One of the ways our Data management and analysis (TM351) course differs from the module it replaced, a traditional databases module, was the way in which we designed it to cover a full data pipeline, from data acquisition, through cleaning, management (including legal issues), analysis, visualisation and reporting. The database content takes up about a third of the course and covers key elements of relational and noSQL databases. Half the course content is reading, half is practical. To help frame the way we created the course, we imagined a particular persona: a postdoc researcher who had to manage everything data related in a research project.
Jupyter notebooks, delivered with PostgreSQL and MongoDB databases, along with OpenRefine, inside a VirtualBox virtual machine, provide the practical environment. Through the assessment model, two tutor marked assessments as continuous assessment, and a final project style assessment, we try to develop the idea that notebooks can be used to document small data investigations in a reproducible way.
The course has been running for several years now — the notebooks were stilled called IPython notebooks when we started — but literature we can use to post hoc rationalise the approach we’ve taken is now starting to appear…
For example, this preprint recently appeared on arXiv — Three principles of data science: predictability, computability, and stability (PCS), Bin Yu, Karl Kumbier, arxiv:1901.08152 — and provides a description of how to use notebooks in a way that resembles the model we use in TM351:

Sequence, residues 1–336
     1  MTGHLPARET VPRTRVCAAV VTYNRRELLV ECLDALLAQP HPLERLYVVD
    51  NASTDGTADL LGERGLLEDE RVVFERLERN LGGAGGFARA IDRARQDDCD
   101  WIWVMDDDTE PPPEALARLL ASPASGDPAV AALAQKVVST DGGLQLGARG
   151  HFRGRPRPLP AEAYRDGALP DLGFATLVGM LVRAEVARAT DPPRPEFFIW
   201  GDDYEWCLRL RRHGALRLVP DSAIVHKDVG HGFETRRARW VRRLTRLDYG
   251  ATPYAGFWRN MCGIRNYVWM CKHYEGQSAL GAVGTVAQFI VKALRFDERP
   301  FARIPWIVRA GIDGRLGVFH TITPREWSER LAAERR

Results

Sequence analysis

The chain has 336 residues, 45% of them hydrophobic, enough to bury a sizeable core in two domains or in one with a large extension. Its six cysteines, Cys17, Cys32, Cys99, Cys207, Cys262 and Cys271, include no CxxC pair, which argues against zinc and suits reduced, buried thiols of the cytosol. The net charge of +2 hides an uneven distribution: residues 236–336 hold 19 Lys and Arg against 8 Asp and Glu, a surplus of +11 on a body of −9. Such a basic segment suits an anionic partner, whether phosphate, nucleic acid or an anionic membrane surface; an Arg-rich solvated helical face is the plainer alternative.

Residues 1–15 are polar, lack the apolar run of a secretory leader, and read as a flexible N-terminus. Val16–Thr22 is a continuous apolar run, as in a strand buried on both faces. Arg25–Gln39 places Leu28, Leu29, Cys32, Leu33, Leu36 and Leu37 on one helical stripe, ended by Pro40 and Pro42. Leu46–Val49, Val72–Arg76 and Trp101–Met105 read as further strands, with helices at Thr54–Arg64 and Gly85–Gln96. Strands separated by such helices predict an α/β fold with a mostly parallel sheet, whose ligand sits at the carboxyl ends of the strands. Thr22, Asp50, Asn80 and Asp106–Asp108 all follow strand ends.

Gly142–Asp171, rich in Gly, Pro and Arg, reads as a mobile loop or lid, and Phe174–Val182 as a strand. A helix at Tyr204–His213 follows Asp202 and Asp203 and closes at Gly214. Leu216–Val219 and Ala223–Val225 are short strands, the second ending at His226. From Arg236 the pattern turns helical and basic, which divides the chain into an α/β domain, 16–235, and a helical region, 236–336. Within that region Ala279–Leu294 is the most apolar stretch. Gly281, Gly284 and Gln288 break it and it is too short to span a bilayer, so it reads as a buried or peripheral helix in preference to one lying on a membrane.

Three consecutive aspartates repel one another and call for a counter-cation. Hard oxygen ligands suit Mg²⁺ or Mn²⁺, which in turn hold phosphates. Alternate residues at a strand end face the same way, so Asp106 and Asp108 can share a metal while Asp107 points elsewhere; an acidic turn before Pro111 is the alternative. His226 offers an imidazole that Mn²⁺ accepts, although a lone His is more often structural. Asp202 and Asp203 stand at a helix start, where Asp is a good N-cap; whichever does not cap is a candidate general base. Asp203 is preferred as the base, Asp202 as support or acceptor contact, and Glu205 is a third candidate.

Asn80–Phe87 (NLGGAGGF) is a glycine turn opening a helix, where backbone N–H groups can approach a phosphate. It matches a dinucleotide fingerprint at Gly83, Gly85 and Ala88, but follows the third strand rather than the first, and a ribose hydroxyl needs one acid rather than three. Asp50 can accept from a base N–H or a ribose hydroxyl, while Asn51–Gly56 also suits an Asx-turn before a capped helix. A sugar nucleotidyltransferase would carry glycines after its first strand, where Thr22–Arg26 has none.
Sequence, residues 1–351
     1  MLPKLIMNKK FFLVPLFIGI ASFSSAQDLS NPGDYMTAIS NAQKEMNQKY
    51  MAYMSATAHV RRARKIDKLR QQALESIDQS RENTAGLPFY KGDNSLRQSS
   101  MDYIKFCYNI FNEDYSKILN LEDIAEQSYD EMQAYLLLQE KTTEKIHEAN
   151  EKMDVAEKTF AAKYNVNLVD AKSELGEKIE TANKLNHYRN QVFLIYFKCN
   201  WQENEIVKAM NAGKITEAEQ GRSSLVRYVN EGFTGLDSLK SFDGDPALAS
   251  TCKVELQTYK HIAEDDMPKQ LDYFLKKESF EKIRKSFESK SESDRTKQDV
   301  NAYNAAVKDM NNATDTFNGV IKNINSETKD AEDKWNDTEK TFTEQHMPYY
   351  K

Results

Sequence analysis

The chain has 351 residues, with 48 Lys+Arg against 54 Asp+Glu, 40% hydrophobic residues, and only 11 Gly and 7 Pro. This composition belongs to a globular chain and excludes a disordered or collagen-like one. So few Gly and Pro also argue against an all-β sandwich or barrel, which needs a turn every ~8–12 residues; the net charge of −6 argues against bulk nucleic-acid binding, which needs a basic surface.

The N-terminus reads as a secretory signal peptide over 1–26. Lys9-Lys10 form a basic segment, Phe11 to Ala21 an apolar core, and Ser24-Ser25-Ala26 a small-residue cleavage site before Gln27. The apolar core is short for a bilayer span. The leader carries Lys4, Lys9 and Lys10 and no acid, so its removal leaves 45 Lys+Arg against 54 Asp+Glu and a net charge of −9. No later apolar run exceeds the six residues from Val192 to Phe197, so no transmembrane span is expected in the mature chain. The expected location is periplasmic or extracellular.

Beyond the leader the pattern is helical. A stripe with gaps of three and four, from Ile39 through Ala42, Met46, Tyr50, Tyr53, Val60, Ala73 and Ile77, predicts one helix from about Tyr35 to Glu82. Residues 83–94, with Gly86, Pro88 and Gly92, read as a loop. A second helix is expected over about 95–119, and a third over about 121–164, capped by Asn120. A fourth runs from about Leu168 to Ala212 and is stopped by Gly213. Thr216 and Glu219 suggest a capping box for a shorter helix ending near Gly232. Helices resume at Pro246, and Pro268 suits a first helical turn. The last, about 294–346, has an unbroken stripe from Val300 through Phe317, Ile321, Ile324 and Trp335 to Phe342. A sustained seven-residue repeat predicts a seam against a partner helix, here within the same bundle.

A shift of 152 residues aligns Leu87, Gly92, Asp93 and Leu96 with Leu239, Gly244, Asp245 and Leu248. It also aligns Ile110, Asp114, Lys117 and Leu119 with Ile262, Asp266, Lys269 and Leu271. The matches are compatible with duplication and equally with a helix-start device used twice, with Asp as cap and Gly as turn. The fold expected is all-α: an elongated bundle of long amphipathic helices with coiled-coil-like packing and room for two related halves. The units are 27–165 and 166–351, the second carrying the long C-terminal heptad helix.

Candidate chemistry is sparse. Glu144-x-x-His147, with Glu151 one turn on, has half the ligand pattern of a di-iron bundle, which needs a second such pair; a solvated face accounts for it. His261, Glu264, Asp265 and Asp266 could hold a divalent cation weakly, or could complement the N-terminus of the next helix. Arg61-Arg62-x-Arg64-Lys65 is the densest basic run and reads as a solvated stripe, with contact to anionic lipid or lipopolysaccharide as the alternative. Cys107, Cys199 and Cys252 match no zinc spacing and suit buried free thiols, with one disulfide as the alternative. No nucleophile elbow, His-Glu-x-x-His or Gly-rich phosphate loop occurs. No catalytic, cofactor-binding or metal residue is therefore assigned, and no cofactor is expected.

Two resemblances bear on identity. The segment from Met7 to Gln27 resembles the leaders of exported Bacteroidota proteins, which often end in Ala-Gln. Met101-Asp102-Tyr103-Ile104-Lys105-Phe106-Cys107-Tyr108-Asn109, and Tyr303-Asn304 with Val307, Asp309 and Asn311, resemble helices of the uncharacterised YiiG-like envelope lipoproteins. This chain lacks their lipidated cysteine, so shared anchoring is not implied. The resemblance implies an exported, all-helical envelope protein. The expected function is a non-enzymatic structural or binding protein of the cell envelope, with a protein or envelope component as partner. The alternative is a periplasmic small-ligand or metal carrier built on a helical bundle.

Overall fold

We propose the following steps in a notebook
1. Domain problem formulation (narrative). Clearly state the real-world question one would like to answer and describe prior work related to this question.
2. Data collection and relevance to problem (narrative). Describe how the data were generated, including experimental design principles, and reasons why data is relevant to answer the domain question.
3. Data storage (narrative). Describe where data is stored and how it can be accessed by others.
4. Data cleaning and preprocessing (narrative, code, visualization). Describe steps taken to convert raw data into data used for analysis, and Why these preprocessing steps are justified. Ask whether more than one preprocessing methods should be used and examine their impacts on the final data results.
5. PCS inference (narrative, code, visualization). Carry out PCS inference in the context of the domain question. Specify appropriate model and data perturbations. If necessary, specify null hypothesis and associated perturbations (if applicable). Report and post-hoc analysis of data results.
6. Draw conclusions and/or make recommendations (narrative and visualization) in the context of domain problem.
As early work for a new course on datascience kicks off, a module I’m hoping will be notebook mediated, I’m thinking now would be a good time for us to revisit how we use the notebooks for teaching, and how we expect the students the use them for practice and assessment, and pull together some comprehensive notes on emerging notebook pedagogy from a distance HE perspective.